the petting. See her toss the ball? She's playing." If child gets
scratched, explain what the child did to scare or hurt the rabbit
and show a better way to act. Redirect loud play to another area
("Look at bunny. She doesn't like the noise.")
Toddlers love to share their snacks with the rabbit so make sure
rabbit gets only small amounts proper foods and is not overloaded
with cereals and crackers. They also love to help with feeding -
scooping & pouring food, taking vegetables and hay to rabbit.
One to Seven-Year Olds
If a 2-yr old has grown up with a rabbit, she can have quite a
bit of empathy for and knowledge about a rabbit. Continue or teach
BUNNYRULES #1 through 4. Teach by example instead of by a lot of
"No's"; Your child will learn most by watching you. If interested,
the child may help with feeding and play with the rabbit with your
Continue or teach BUNNYRULES #1 through 4. Teach by example and
setting up situations for success. Your child may build a
friendship with the rabbit by sitting on the floor with the
rabbit while doing homework, art work, reading, or watching t.v.
The rabbit will eventually come to investigate and to be petted.
Older children have lots of other interests and interest in rabbit
may come and go. The rabbit's care should continue to be your
responsibility, but your child may help with feeding and grooming.
Rabbits have different personalities so it is difficult to make generalizations
about breeds. In general though, a medium to large breed adult rabbit is
usually better for a child. They will command the most respect from a child
and are easier to pet because they have larger heads. Dwarf breeds tend to be
more excitable, energetic, and aggressive. Baby rabbits are very active, often
nippy, and chew everything in sight. Adult rabbits are more easily
litter-and house-trained, especially after
spaying or neutering. You will also have a better idea of a rabbits
personality if you choose an adult who is spayed or neutered.
Adopt a rabbit from a rescue group
or local shelters. There
are many advantages and you will be helping to combat rabbit
Animal shelters euthanize hundreds of unwanted rabbits each year, many less
than a year old. Many more die agonizing deaths from neglect and abandonment
without ever reaching a shelter. You will be giving one of the many unwanted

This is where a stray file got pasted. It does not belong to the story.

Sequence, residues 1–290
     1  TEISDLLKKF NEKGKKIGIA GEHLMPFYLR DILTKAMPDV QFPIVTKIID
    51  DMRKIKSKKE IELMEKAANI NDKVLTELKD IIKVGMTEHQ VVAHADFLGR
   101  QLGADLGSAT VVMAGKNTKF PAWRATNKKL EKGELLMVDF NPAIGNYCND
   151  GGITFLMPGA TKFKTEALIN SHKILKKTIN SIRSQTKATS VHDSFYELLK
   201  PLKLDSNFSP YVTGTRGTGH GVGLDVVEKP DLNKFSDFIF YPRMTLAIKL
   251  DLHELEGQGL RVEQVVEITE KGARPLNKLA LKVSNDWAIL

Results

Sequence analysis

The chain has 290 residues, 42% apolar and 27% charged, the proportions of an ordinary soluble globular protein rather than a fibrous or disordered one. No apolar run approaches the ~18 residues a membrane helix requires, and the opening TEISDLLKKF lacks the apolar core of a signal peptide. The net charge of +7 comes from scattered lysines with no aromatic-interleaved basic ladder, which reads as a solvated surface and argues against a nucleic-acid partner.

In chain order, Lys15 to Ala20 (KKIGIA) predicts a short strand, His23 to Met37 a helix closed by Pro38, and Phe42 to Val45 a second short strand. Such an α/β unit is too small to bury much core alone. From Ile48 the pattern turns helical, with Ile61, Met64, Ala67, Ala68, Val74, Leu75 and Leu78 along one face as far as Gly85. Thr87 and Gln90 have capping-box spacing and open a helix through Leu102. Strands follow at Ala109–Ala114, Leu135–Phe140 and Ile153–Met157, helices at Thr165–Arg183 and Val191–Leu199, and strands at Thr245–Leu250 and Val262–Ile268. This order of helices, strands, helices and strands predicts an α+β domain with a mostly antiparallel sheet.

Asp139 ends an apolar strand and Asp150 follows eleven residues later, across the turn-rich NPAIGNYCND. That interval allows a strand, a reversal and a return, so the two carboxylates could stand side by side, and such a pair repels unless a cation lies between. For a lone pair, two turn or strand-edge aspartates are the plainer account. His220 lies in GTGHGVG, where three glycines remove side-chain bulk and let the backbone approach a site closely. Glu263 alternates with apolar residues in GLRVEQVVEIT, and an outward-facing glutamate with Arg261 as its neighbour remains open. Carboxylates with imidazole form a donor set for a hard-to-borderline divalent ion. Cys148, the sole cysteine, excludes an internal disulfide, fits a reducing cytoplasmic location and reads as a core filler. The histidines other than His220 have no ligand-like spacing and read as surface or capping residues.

rabbits a second chance for a loving home while
discouraging those who breed
rabbits for profit.
Many parents say they want to get a rabbit for their child to teach the
child some responsibility. What usually happens is that the child loses
interest (not to mention being incapable of sticking to a routine and
providing proper care), and the rabbit suffers. The child, at best, learns
to feel bad that she has failed and caused suffering. At worst, she learns
to resent the animal for the nagging that she is hearing from the adult.
Often, the rabbit is given away because "you didn't take care of it". The
child learns that life is disposable and that if she waits long enough,
someone else will relieve her of her "responsibility'.
So, let your child help with the rabbit, but don't insist. If the child
appears interested, encourage her; if she becomes bored, let her move on to
the next thing, and you carry on with the rabbit. She learns most of all
from watching you-your actions, your tone of voice when you speak to the
rabbit, and your attitude. From this she learns the nurturing (responsible)
point of view- the patient waiting, the faithful caring, the joyful
appreciation and acceptance of a living creature for who it is, not who you
wish it to be.
"It is not easy to manage young humans and animals, but when parents find
solutions, rather than dispose of an animal for convenience sake, an
important concept is communicated to the child. This is alive. This is
valuable. You don't throw it away."
- Marinell Harriman,
Importance of Permanence
This information is based on material from the House Rabbit Society and on the
experiences of the author. In addition to working with over
1200 elementary school-aged children during a 12-yr. teaching career, the
author has lived with house rabbits since 1988 and in 1992 brought baby Emily
home to then-2 yr. old Gracie Rabbit. Three-year-old Emily now lives with
Gracie & Jessie Rabbit (& Benny Cat). She has become a responsible child who
has empathy for and knowledge about her animals far beyond her years.
Update: As of 2011, Emily, 2 years old at the time of this writing, is now 19! Carolyn reports that she has become a young person who has learned great empathy for animals from growing up with rabbits, cats, and dogs and has become a responsible horse owner today.
Section 19: Rabbits and Children
Author: Carolyn Mixon